The day begins with a woozy shuffle down the hall to the kitchen, where I put water in the kettle and turn it on. Place a filter in the one cup cone, coffee in the filter, and the cone on a mug, and pour the boiled water over the coffee.
Now we’re getting somewhere.
Mug full of coffee in hand, I sit at the kitchen table and open my Book of Common Prayer to page 137: “Open my lips, oh Lord, and my mouth shall proclaim your praise.” (from Psalm 51)
It’s not a bad way to start the day. Do I do it every day? Alas, no. I would be awfully pious if I did, but I often wake up late and dash out the door or am otherwise distracted. So not so pious. I would have made a lousy nun, and not only for my lax rule of life. Obedience would have tripped me up.
Still, I have started my day many mornings the last thirty-one years or so with that routine, and I pray every day, quick prayers, what my friend Julie called arrow prayers, firing them off in the moment.
The morning prayer ritual has become a touchstone and a quiet place when the world around me is noisy and chaotic, which is nearly always. I have a list I keep in my Book of Common Prayer with the names of the people for whom I pray every day, plus people for whom there are emergent needs. I pray for healing, peace, and relief from pain; safe travel, grace, or whatever is asked.
I give thanks.
Now, I am aware that many of you think prayer is a lot of hooey. These days there is a sharp kneejerk reaction to the use of the expression “thoughts and prayers” by insincere people who could do something about, for example, gun control, but won’t. That’s the sort of hypocrisy that gives prayer a bad name.
If you don’t trust people who are all talk and no walk, at least you know your instincts are sound.
Does prayer work? Yes, it does, but it’s not magic. God is not an online Amazon catalogue. You pray with intention, but you do not know what will happen.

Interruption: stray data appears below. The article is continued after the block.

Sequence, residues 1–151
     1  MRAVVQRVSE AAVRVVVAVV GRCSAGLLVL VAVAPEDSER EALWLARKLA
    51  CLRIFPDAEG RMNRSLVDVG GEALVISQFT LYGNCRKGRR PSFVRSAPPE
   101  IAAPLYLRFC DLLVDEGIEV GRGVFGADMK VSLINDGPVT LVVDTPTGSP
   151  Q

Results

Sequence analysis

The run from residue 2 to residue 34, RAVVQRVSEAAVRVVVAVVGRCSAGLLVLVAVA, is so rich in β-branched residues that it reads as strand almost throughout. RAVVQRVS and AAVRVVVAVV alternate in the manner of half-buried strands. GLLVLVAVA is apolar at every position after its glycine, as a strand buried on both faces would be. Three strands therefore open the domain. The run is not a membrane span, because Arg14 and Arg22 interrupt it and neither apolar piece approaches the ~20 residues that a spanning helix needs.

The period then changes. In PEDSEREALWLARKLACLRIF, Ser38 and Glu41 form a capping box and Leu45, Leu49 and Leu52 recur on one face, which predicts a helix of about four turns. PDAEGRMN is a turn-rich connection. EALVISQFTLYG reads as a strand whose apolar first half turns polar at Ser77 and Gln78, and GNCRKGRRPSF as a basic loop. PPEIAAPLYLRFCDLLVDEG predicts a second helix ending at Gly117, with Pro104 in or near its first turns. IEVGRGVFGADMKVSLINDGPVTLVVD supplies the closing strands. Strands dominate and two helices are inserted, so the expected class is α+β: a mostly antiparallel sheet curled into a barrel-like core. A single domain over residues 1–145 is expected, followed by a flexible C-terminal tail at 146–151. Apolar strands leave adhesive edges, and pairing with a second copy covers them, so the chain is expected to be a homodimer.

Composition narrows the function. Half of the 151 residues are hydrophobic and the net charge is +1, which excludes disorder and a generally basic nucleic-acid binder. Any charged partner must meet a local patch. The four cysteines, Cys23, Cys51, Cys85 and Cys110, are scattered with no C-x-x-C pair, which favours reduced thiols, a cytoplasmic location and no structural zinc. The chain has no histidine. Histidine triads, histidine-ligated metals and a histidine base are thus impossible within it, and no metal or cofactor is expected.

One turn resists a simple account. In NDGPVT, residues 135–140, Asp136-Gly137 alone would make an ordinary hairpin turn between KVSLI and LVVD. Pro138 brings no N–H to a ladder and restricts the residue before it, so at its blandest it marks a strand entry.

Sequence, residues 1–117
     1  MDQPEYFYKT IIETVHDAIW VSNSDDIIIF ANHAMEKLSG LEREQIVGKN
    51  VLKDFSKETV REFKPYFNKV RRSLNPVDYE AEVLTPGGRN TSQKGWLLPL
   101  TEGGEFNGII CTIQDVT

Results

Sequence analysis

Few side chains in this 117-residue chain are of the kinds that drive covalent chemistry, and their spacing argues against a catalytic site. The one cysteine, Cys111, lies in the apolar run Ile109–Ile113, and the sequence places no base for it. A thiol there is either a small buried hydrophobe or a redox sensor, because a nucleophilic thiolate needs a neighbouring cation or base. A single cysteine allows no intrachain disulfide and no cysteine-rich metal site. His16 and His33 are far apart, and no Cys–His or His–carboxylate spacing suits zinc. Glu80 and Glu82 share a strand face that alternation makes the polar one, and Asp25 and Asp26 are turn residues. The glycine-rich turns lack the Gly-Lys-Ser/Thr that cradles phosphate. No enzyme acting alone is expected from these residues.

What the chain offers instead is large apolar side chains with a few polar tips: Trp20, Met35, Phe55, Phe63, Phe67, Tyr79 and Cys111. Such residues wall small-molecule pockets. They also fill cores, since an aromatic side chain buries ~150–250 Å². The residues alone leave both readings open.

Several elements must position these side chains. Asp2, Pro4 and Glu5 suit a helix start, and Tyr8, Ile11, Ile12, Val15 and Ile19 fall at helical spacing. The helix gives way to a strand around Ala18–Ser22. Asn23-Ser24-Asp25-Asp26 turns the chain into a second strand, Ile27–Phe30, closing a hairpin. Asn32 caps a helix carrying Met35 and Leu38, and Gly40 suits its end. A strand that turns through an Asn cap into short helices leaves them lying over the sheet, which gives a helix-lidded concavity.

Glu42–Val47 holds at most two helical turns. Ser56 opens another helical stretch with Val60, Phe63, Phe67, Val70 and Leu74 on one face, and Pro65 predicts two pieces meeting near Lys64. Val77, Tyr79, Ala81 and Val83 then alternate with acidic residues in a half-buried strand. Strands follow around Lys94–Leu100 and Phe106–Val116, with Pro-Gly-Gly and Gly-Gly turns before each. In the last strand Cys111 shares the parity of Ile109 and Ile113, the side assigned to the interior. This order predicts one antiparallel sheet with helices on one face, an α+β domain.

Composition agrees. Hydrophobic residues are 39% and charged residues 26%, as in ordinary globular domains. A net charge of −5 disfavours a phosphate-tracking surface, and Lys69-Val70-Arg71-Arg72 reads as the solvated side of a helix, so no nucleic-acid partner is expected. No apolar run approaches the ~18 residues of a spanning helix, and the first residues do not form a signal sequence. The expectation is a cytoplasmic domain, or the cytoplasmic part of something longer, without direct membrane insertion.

I think this is one of the gripes some people have with faith: What’s the point if faith and prayer don’t FIX everything? What kind of a God …? Etc.
If the God you don’t believe exists has disappointed you because he should have put an end to war, quietly deposed all the lunatic dictators and tyrants, fed all the hungry, housed all the homeless, and put the Mariners in the World Series, then you are right. That God does not exist.
God is not magic. We cannot control everything with prayer.
It is our job to make peace, depose the lunatics and tyrants and then not become lunatics and tyrants ourselves, feed the hungry, and house the homeless. You don’t have to be a Christian to do this work.
Working on fixing the world often seems futile, but most of us keep getting up every day and doing the best we can. Sometimes praying is all we can do. There was that time I was in the car wreck and stuck in bed for a couple of months.
Miracles do happen. Usually not the specific miracles you pray for. There have been miracles in my life that I did not recognize until I looked back years later.
The first time I drove off the ferry onto Vashon Island, as I passed the Episcopal Church I had a sudden strong feeling of being At Home. A few minutes later, at the main intersection, the friend I had come to visit introduced me to the first person I met on Vashon Island: Rick Tuel. I did not know that day that I would end up marrying Rick and living on Vashon Island the rest of my life. Well, so far.
You know, we’re always petitioning God for things, and sometimes God tells us things with big red capital letters, or points toward things with flashing neon signs, and we don’t see them. So maybe you could say we don’t answer God’s prayers. We don’t have the understanding. And yet, sometimes, things come right.
At the end of morning prayer comes the Collect: “… in all we do, direct us to the fulfilling of your purpose; through Jesus Christ our Lord. Amen.”
The hardest part of prayer for me: being quiet and listening for God’s purpose. You must be careful. It is insane to get cocky about thinking you know God’s purpose. I think it’s good to lead with kindness, though.
Blessings on you, dear readers. We live in interesting times. May we encourage one another. Amen.
P.S. Almost forgot: the Mariners are on their own.